Jun-25-14  sfm: I wonder where White goes wrong?

16.-,Qg4! is an excellent attack & defense move, the Queen enters the center just in time.

White must have considered the wild 17.Qg3,Nxsome pawn 18.Qh4, but if that does not work, well, Black seems to have the upper hand.

18.Qc2 may be overambitious, is there time? At move 20., White needs to 'unpack' himself, so 20.Re1, but then 20.-,Na6 21.BxN, BxN enhances Blacks development.

After 21.-,Qe5, all guns fire at White's king, still Black repeats moves, and it is White playing for a win! Would Black have really taken a draw after 24.Ng2 ?

After 24.Qd1 it must be lost. Black doubles rooks, defending b2 is hardly possible, and we have know that the counter comes just too late.

A wonderful sharp game, as these opposite-castlings so often are. Could spend hours analyzing - and then a silicon monster would tell me that it was all rubbish.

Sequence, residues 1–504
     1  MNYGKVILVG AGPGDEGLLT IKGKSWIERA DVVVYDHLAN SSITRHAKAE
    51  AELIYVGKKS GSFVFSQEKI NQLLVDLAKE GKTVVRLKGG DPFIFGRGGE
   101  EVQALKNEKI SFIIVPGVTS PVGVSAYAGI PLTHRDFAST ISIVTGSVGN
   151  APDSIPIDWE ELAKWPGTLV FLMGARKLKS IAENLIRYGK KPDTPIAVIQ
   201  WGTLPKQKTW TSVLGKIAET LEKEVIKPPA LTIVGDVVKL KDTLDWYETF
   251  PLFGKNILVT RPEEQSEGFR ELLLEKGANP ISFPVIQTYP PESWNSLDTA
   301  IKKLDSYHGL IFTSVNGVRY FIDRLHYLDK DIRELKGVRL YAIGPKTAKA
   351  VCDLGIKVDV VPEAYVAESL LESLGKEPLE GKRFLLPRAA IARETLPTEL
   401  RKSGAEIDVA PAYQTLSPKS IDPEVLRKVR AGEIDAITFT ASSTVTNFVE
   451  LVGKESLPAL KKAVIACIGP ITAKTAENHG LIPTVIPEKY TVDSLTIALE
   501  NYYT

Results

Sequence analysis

Jun-25-14  RookFile: Like others, I too would have played 28...f5 here. Always something new to learn!
Jun-25-14  notyetagm: Tolush vs A Filipowicz, 1964

<RookFile: Like others, I too would have played 28...f5 here. Always something new to learn>

Carefully examine all of your <CHECKS> before even *thinking* about playing some other <LESS FORCING> move.

Methodical thinking is of more use than inspiration, Chernev/Reinfeld used to say.

Jun-25-14  M.Hassan: <erdogankilic:The solution is 1. R4h8+ Kxh8 2. Af5+(bishop at h3 to f5) Kg8 3. Rh8+ Kxh8 4. g7+ Kg8 5. Nh6++ 1-0>